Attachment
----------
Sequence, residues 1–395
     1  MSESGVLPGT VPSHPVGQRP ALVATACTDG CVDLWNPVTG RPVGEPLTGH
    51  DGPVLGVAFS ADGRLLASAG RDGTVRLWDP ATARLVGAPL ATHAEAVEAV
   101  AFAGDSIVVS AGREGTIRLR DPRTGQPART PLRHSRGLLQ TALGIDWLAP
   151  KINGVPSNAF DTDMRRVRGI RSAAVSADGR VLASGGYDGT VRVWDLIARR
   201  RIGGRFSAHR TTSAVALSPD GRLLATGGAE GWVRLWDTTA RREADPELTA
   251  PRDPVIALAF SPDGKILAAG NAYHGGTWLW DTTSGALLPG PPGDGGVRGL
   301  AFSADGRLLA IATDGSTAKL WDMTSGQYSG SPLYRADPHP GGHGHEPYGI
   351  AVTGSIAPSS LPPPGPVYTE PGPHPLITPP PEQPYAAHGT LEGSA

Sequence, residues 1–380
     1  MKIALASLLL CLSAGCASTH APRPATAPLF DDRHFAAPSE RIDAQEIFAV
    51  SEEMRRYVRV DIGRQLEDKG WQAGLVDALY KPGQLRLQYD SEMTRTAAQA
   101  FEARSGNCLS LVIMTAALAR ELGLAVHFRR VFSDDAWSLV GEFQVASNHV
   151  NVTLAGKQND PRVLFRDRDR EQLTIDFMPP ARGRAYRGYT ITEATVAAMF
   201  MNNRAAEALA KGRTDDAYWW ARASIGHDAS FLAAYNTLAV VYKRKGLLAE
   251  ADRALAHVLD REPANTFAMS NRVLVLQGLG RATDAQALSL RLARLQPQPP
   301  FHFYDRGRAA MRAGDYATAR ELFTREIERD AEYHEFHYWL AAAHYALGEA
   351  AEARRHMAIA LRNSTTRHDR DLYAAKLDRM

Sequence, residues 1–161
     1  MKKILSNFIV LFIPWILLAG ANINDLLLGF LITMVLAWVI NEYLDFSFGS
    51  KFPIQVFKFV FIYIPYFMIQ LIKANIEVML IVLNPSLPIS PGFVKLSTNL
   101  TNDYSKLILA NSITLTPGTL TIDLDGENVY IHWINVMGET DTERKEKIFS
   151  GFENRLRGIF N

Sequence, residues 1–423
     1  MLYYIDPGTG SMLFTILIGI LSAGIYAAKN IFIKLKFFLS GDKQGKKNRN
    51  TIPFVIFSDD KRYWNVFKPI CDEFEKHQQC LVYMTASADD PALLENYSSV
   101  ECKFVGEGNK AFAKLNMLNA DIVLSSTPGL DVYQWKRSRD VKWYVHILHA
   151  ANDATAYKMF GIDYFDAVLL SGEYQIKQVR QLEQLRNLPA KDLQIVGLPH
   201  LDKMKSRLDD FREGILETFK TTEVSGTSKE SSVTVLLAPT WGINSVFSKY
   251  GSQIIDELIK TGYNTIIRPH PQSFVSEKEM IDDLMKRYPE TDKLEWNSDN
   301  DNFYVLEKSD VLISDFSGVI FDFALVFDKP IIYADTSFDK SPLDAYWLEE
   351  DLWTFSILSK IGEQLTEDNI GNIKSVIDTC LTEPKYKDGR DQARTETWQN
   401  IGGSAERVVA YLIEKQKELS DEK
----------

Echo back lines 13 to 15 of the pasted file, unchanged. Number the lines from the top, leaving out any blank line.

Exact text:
   101  FEARSGNCLS LVIMTAALAR ELGLAVHFRR VFSDDAWSLV GEFQVASNHV
   151  NVTLAGKQND PRVLFRDRDR EQLTIDFMPP ARGRAYRGYT ITEATVAAMF
   201  MNNRAAEALA KGRTDDAYWW ARASIGHDAS FLAAYNTLAV VYKRKGLLAE